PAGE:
Association of cell-free plasma DNA with hospital mortality and organ dysfunction in intensive care unit patients
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To investigate the concentration of cell-free plasma DNA and its association with organ dysfunction and hospital mortality in intensive care unit patients.
Design and setting
Prospective cohort study in a medical and two medical-surgical intensive care units in a university hospital.
228 critically ill patients admitted to the ICUs between January 2004 and July 2005.
Measurements and results
Blood samples were collected as soon as possible after ICU admission, the following morning, and 48 h after the second sample. The cell-free plasma DNA was measured by real-time quantitative PCR assay for the β-globin gene. Physiological and mortality data were collected to the clinical database. Hospital mortality rate and SOFA scores were primary outcome measures. The maximum plasma DNA concentrations were correlated significantly with APACHE II points and with maximum SOFA scores. Cell-free plasma DNA concentrations were higher in hospital non-survivors than in survivors (median 9,366 vs. 6,506 GE/ml). Using logistic regression analysis, the maximum plasma DNA was an independent predictor of hospital mortality.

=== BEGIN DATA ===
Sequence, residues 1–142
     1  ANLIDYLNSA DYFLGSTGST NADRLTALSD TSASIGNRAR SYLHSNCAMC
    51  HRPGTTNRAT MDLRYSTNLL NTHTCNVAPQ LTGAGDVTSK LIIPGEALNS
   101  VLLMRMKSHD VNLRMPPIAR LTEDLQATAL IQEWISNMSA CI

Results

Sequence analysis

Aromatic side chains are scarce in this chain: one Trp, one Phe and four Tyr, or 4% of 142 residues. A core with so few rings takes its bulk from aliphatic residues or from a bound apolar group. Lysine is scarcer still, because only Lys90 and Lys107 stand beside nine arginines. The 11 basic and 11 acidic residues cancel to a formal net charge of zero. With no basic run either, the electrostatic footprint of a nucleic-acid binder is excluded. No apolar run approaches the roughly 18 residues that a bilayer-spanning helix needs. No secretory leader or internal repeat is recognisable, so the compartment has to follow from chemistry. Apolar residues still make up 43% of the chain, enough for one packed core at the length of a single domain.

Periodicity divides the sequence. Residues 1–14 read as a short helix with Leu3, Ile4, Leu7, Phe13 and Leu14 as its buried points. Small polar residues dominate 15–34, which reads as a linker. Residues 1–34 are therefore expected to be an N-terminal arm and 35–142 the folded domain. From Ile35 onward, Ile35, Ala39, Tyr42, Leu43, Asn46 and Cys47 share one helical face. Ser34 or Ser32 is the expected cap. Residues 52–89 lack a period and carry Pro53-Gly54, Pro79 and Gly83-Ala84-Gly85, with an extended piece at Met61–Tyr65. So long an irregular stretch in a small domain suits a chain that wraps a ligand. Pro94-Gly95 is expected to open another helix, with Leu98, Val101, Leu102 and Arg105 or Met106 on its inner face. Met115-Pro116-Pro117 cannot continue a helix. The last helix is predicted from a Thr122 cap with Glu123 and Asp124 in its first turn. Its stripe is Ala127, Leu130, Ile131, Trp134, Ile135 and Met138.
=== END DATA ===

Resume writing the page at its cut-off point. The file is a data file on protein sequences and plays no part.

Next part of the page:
The maximum plasma DNA concentration measured during the first 96 h of intensive care is associated with the degree of organ dysfunction and disease severity. Moreover, the maximum DNA concentration is independently associated with hospital mortality.
KeywordsPlasma DNA Outcome Critical illness Hospital mortality Multiple organ dysfunction
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